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Santa_Claus_face

When I was little, I was told that there was a Santa Claus. However, I figured out very quickly (at about 3 years old) that Old Saint Nicholas was a myth. I remember telling my friends at school that there wasn’t a Santa Claus and they treated me as though I were a villain! I vowed then and there that I wasn’t going to perpetuate the lie with my own children. However, as the years went by, I have since relaxed my views.

When my Eldest Son was Little

When my eldest son was little, we had gifts, but the gifts came from family members, not the mythical character. We didn’t have a Christmas tree or any of the other trappings that go with Christmas. We just shared gifts and the Christmas story.

A few years later, after my second son was born, I lightened up on some of the other holiday traditions. We had Christmas decorations and a tree. However, we still didn’t have Santa Claus as part of our celebration. I wasn’t letting a mythical character share the limelight in the celebrations surrounding the second most holy day in Christendom.

Another Ten Years Went By

When my sons were younger, I always told them not to share the fact that Santa was not real with their friends. I even told them the story of what I had to face when I told my friends that there was no Santa Claus.

As I got older, however, I began to see the lack of fun and imagination that comes with “not believing in Santa Claus”. I personally loved watching the Santa Clause with my boys. It was fun to pretend that Santa was real.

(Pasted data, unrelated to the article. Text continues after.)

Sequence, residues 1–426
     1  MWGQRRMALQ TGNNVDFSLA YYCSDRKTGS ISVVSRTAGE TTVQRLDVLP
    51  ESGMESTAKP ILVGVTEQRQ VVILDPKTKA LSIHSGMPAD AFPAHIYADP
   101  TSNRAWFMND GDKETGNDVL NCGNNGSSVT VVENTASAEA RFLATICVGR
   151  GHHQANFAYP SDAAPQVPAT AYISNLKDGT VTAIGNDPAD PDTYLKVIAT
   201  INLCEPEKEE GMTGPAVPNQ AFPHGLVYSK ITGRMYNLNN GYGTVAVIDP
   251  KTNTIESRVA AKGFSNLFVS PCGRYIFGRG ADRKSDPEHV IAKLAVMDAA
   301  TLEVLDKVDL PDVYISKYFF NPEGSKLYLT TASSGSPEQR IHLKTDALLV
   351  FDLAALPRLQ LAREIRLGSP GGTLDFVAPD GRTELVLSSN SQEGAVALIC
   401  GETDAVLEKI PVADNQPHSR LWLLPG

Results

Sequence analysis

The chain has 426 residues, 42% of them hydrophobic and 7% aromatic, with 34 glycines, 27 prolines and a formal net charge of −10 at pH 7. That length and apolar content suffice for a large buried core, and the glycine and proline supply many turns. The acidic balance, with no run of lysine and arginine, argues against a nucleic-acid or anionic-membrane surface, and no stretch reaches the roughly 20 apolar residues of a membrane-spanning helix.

My second son was ten when my daughter was born. By the time she was born, Santa Claus was back into our Christmas traditions. The difference we made, however, was that everyone knew that Santa was pretend. My youngest was told from day one that Santa was not real, but we were going to pretend that he was real. We would talk about Santa like he was a real person, but if my daughter was confused about whether he was real or not, I would tell her that he was pretend.

The idea came from something that happened when my eldest was about six years old. I was out blackberry picking while he was talking ninety miles per minute at me. He was telling me a story that I knew was not true and I called him on it. He told me, “It’s just a story, Mom. It’s just a story!”

It’s just a Story

Personally, I have nothing against pretending with our children, especially about someone as benevolent as Santa Claus. Like other forms of fiction, we can use the Santa Claus myth to teach our children about giving to others. The Santa story is also a story that boosts the imagination and by pretending the Santa character with our children, we can build our relationship with them. It is important for everyone to know the truth about the Santa character. Understanding the difference between fact and fiction is a concept that children can be introduced to early and Santa is a reasonable way to introduce this concept to our children.

But was Santa Claus just a fictional character? No, he wasn’t.

Based on a Real Person